Grins is the West Frisian word for "border" or "frontier" and is said with an "ay" like in "day." It sounds a lot like the English word "grains." GRAYns.
In grins tusken twa gebieten.
A border between two areas.
We've looks at in before, meaning "a" or "an." Say it with a schwa. UHn.
Tusken means "between." The first vowel is pronounced with that purse-lipped "o" with an umlaut over it that we saw back in the lesson on dandelions. The second syllable takes a schwa. TÖSKuhn.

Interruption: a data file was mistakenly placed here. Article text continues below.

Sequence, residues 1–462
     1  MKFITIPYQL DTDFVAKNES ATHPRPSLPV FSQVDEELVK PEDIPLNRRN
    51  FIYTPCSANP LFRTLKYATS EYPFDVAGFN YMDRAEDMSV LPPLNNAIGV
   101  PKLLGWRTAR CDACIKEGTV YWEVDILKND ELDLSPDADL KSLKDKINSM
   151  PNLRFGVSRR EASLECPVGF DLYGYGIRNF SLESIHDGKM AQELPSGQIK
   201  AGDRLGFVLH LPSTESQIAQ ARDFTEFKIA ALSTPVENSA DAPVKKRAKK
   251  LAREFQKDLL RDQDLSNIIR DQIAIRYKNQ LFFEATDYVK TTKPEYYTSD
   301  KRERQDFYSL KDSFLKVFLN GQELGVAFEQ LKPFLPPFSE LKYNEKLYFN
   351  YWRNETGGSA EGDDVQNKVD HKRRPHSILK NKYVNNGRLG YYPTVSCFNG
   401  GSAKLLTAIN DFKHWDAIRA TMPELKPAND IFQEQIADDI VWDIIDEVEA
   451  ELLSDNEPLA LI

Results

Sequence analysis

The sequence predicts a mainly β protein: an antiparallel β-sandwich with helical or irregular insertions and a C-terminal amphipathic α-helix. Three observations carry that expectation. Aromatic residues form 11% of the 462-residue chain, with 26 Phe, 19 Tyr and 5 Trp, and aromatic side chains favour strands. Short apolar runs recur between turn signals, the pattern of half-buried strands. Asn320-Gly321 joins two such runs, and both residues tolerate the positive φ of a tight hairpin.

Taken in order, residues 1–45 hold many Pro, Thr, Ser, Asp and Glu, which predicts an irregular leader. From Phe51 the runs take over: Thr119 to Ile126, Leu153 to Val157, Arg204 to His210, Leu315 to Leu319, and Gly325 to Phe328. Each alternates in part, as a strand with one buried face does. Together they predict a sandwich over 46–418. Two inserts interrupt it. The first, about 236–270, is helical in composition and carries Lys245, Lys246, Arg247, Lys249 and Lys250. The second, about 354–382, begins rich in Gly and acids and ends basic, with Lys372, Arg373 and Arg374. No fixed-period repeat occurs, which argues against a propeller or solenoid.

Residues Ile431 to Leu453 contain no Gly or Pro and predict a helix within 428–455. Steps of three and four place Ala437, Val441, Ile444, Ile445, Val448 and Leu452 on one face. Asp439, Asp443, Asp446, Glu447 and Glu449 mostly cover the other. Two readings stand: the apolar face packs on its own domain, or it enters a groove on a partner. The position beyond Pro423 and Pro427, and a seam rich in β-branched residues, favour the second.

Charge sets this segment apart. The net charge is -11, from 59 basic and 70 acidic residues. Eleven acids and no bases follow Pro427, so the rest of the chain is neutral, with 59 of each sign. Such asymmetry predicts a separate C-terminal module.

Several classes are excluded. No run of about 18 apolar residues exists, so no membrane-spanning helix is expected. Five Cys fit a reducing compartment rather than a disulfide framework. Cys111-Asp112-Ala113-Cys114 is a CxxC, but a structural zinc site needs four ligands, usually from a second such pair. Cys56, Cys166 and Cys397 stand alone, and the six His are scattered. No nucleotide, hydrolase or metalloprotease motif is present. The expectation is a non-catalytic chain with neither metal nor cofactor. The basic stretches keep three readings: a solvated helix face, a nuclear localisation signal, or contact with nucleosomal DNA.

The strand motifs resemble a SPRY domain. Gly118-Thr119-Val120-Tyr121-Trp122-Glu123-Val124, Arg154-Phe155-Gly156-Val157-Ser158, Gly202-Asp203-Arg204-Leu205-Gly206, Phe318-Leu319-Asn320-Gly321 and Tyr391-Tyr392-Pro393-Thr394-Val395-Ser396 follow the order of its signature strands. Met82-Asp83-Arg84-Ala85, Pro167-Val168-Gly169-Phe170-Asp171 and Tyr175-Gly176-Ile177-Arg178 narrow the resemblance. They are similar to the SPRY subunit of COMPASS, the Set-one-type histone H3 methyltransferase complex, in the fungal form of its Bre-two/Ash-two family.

Remember, twa means "two" and was discussed a few lessons ago. TWAAH.
Finally, gebiet is the word for "region," "area," or "country." The first syllable is said with a schwa. The second syllable is said with a long "ee" as in "beet" with a schwa after it. GUH-BEE-uht. The plural ending -en is also pronounced with a schwa. GUH-BEE-uht-uhn.